Your tiny beasts at home will soon be cut out from their iTunes Allowances, and to avoid the abstinence that will ensue, you may enroll them in the new Family Sharing quotas, which might have been the whole point. Apple recently announced that it is ending the iTunes Allowances service on May 25th. Families with kids that are on the iOS bandwagon know how useful the allowances were to set aside a pool of money from the parent's credit card for kids to purchase apps and games without going overboard, so they might be quite miffed about the matter now.
Apple, however, will let them use whatever sums there are left in the iTunes Allowances pockets even after it turns off the spigot. If the goal is to move to the Family Sharing option that got introduced with iOS 8 and later, as well as Mac OS X Yosemite onward. It lets up to six people share content purchased from Apple, and might be a good replacement for the disappearing Allowances come the end of next month. Here's how to set up Family Sharing:
1. Find a designated driver. Yep, someone needs to pay for all of the stuff the kids (and not only) are going to buy off Apple's ecosystem, and you have to find such a person who is willing to forfeit the rights to their credit card for the sake of the family values;
2. The so-called Family Organizer will now have to go to Settings > iCloud > Setup Family sharing on their iPhone or iPad, and start the setup process by linking up a credit card, if they don't have one already linked there;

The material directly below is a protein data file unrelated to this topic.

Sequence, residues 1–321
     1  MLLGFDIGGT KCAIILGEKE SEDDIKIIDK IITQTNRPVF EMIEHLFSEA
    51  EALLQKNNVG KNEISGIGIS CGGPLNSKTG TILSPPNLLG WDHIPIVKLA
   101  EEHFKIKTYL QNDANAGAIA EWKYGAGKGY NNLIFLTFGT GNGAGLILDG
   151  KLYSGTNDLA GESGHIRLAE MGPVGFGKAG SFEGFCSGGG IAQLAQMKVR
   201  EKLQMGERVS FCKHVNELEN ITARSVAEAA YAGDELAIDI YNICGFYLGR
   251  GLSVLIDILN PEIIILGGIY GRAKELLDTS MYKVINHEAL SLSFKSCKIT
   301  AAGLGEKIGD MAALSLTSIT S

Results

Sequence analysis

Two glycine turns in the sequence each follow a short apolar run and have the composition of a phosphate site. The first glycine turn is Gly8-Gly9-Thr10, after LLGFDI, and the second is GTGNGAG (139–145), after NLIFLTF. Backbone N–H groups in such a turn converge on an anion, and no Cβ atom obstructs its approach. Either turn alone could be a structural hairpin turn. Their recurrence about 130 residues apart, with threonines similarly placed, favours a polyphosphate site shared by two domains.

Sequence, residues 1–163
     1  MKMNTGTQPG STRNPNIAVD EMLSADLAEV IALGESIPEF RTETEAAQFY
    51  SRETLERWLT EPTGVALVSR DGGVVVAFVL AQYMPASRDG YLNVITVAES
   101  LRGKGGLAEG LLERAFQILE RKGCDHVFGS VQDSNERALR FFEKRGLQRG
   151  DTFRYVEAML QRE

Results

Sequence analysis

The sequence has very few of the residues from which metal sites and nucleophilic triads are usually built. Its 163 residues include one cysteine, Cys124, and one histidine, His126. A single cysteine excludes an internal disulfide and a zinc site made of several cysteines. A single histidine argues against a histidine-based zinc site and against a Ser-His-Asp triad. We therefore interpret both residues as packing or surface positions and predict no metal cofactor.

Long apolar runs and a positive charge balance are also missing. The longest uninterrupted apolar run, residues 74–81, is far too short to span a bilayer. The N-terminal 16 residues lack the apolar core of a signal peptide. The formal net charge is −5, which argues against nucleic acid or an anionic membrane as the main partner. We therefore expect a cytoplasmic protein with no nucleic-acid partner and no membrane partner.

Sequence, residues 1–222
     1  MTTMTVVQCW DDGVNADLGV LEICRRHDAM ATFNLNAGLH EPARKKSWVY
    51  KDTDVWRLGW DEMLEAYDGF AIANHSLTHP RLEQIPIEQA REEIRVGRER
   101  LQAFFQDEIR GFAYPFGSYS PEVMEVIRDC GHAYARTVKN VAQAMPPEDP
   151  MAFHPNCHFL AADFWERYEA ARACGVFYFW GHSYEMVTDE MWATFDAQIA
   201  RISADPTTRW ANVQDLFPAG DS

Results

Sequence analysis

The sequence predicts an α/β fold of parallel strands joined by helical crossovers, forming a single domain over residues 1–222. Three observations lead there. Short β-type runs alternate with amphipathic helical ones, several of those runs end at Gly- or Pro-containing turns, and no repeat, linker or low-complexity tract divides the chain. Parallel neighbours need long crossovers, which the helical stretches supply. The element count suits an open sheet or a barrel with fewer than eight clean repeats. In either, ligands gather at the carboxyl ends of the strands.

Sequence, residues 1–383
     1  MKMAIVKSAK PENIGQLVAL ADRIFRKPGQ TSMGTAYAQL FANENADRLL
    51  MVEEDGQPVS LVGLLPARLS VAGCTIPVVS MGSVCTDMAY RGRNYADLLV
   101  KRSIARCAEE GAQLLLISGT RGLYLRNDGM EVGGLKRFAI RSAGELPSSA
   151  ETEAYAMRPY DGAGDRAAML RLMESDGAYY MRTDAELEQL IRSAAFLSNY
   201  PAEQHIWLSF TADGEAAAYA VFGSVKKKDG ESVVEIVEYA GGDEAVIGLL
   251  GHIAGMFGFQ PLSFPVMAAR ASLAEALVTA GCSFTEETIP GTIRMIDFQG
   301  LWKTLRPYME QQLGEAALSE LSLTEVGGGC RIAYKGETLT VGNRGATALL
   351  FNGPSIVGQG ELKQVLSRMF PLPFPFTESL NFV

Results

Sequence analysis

3. The chief honcho of Family Organizer fame can now add up to five more people to their Family Sharing account, and adding them is pretty simple just by using their Apple IDs. Kids under 13 can have their own Apple IDs, too - the parent or legal guardian can create the child’s Apple ID, and add them to the group;
The added members will then by sent invitations to join the cult, or they can set up their own passwords beforehand;
5. It is not only the organizer who can approve purchases. Any parent that joins the fun can be set to manage the Ask to Buy feature of the Family Sharing service, too. Ask to Buy allows them to issue a permission every time a kid wants to grab something off of Apple's ecosystem, including free apps and games, so parents can keep tabs on what exactly their kids are doing with their iOS obsession.
Ask to Buy is turned on by default for those little ones that the organizer adds with new IDs, plus they can also limit the content kids have access to on their devices through Restrictions;
6. That's all there is to Family Sharing - you get all the parental benefits of iTunes Allowances with the Ask to Buy feature, and more, plus the clan members can easily share media, set up joint calendar events, or follow where everyone is with location sharing, if allowed.